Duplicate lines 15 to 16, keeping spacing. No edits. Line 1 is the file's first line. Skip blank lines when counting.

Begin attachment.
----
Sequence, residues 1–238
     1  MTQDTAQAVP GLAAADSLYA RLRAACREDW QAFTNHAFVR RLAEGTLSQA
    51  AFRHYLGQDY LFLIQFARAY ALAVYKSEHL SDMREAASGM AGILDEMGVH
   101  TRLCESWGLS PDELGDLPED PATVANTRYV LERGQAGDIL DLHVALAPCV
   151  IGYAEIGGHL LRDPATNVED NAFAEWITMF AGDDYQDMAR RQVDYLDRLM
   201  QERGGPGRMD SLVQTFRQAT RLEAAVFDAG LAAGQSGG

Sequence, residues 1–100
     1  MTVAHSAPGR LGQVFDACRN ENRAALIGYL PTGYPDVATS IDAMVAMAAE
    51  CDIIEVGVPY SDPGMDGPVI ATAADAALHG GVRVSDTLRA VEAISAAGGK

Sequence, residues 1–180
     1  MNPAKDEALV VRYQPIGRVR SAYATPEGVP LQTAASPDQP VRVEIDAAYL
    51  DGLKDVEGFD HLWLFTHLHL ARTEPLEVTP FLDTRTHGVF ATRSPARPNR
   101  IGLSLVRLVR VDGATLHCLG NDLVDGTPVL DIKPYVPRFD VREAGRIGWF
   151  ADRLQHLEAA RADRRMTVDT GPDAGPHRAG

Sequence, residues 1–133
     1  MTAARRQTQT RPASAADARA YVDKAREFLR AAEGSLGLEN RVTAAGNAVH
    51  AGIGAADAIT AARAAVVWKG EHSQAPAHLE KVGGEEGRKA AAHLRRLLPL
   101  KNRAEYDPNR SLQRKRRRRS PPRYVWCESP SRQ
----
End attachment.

Sequence, residues 1–133
     1  MTAARRQTQT RPASAADARA YVDKAREFLR AAEGSLGLEN RVTAAGNAVH